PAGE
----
Keir Starmer Accused Of U-Turn After Lisa Nandy Allowed To Join Picket Line

The Labour leader is under pressure over his stance on the party's approach to striking workers.
Keir Starmer has said: “The Labour Party in opposition needs to be the Labour Party in power and a government doesn’t go on picket lines.”
Keir Starmer has said: “The Labour Party in opposition needs to be the Labour Party in power and a government doesn’t go on picket lines.”
Christopher Furlong via Getty Images

Keir Starmer has been accused of a U-turn over Labour’s support for strikes after Lisa Nandy was seen attending a picket line.

Nandy, the shadow levelling up secretary, joined strikers from the Communication and Workers Union in Wigan in apparent defiance of Starmer’s order for frontbenchers not to join worker protests.

It is understood that she informed Starmer’s office in advance and was not told not to attend.

Last week, Starmer angered unions and left-wing MPs with his decision to sack Sam Tarry, a shadow transport minister, after he appeared on an RMT picket line at Euston station.

The day before, Starmer said: “The Labour Party in opposition needs to be the Labour party in power and a government doesn’t go on picket lines.”

Labour insisted that Tarry was not sacked for joining the picket line but for going on TV without permission and for “making policy up on the hoof” during the interviews.

Nandy’s appearance on the Wigan picket line today seemed to be another challenge to the leader’s authority.

An ally of Nandy told HuffPost UK that Starmer’s office was “aware in advance” that she would be attending the picket line.

“She went down to show her support for constituents campaigning for better pay and conditions at a really tough time, as you’d expect,” they said.

Meanwhile, shadow employment minister Imran Hussain was also seen on a Bradford picket line.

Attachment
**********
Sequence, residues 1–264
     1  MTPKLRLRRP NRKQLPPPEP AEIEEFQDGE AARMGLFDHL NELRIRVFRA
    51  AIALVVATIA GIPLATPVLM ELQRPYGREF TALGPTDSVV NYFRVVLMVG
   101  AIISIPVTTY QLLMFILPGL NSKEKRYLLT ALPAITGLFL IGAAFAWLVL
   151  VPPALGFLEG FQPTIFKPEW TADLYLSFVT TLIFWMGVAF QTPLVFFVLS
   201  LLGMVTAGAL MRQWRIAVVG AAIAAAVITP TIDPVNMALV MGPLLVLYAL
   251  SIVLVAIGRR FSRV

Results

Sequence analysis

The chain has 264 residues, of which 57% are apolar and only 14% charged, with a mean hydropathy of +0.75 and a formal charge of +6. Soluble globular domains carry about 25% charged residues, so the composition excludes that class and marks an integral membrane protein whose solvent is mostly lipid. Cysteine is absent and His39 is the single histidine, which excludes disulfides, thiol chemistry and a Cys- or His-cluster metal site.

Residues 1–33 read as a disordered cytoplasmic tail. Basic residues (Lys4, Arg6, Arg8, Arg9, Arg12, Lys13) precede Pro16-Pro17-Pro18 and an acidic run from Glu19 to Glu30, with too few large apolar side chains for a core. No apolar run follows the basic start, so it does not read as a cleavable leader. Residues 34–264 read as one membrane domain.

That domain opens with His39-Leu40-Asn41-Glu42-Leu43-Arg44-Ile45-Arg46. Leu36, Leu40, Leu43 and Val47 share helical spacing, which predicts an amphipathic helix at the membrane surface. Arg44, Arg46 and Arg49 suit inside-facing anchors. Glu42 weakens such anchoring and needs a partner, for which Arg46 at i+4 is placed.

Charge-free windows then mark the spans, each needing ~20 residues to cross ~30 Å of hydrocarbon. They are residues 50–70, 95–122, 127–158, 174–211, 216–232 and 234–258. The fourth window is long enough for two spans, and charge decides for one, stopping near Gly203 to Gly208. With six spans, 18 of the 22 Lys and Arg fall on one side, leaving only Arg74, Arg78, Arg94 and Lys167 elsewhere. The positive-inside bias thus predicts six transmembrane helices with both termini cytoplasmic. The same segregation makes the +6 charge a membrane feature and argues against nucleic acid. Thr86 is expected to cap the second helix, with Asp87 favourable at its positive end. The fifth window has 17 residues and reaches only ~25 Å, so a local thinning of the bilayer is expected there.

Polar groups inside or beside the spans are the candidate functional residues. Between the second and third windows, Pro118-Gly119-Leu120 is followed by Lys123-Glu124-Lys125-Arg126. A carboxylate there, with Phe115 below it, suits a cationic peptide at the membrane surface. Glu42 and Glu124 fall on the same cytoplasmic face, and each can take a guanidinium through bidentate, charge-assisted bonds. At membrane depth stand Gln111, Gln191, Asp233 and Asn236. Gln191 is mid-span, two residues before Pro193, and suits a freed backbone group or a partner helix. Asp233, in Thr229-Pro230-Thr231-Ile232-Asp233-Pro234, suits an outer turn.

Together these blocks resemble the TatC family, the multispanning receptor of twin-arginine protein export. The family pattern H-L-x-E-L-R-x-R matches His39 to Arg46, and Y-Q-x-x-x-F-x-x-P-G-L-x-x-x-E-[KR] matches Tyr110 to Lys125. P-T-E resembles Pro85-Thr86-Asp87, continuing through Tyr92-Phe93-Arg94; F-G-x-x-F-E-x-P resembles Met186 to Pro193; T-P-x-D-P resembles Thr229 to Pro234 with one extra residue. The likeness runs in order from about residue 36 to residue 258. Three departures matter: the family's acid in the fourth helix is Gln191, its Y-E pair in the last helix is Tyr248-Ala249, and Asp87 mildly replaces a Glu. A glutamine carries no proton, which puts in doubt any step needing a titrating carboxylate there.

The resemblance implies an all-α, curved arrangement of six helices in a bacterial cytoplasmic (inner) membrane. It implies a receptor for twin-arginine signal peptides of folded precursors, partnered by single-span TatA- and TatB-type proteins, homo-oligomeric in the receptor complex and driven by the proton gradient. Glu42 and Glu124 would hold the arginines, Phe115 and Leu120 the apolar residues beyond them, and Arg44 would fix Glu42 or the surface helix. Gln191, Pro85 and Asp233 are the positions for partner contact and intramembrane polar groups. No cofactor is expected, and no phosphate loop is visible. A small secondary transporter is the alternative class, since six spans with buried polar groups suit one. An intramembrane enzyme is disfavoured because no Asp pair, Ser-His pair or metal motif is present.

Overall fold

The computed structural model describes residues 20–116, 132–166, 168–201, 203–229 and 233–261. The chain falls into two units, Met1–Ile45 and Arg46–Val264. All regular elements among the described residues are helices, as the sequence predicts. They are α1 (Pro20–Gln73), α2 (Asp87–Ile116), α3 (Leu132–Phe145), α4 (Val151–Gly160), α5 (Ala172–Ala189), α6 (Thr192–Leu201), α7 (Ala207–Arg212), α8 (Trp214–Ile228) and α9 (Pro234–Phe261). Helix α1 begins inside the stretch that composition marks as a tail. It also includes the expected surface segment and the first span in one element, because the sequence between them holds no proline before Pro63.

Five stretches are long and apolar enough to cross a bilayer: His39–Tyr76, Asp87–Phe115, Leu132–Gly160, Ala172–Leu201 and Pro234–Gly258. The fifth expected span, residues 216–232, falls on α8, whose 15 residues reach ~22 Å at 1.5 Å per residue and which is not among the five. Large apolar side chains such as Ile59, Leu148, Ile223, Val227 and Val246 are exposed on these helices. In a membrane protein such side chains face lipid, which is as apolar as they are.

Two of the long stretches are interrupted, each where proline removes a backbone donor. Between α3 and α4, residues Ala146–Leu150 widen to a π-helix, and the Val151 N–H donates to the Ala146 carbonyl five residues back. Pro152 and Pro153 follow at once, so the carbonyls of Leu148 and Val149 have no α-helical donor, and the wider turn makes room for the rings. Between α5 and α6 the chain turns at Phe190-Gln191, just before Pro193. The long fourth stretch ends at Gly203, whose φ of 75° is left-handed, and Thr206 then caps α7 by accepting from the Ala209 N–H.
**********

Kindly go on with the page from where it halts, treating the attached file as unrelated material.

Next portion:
Momentum, the leftwing campaign group that supported Jeremy Corbyn’s leadership, tweeted: “Today’s U-turn exposes Starmer’s anti-left agenda.

“When socialist MPs attend picket lines, they get sacked. But when it suits the leadership, shadow ministers can fulfil their duty to attend picket lines without any consequence.”

Union leaders have called on Labour to back striking workers ahead of a “summer of discontent”, with a wave of strike action planned across the country.

Tens of thousands of rail workers are set to walk out on August 13, 18 and 20, while London Underground workers will also strike on August 19.

Sharon Graham, the Unite general secretary, accused Labour of “sticking two fingers up to working people” while Mick Lynch of the RMT union said Starmer was “playing up to the agenda of Liz Truss and others”.

“It is undoubtedly the fact that Labour is becoming more and more irrelevant to workers,” Graham told the Observer.

“It’s unfortunate, but it is a fact. What’s required right now is for the party that is there for workers stands up and to stop being embarrassed to be the party for workers.”

In an article for the Sunday Mirror, Starmer wrote: “I completely understand why people are going on strike to secure better pay and better conditions. I support their right to do so.

“I am now leading a Labour Party that wants to change lives and give Britain the fresh start it needs.

“That means turning from a party of protest into a party that can win power - then hand that power to working people. I make no apologies for that.”

One Labour MP said Nandy was “100 per cent right” to be joining her local picket line and called on Starmer’s office to change their approach.

“We are in a spiralling cost of living crisis and we need to vocally support workers,” they told HuffPost UK.

“I hope this signals a shift by the leader of the opposition’s office who clearly have been on the wrong side of this issue.

“They seem to be desperately distancing themselves from their previous position, hoping to spin that Tarry was not sacked for being at a picket.

“I think they’ve realised the damage they’ve done and mistake they have made but it remains to be seen if they will work with and gain the trust of working people demanding better. We need more Lisa’s.”

The Labour Party has been contacted for comment.

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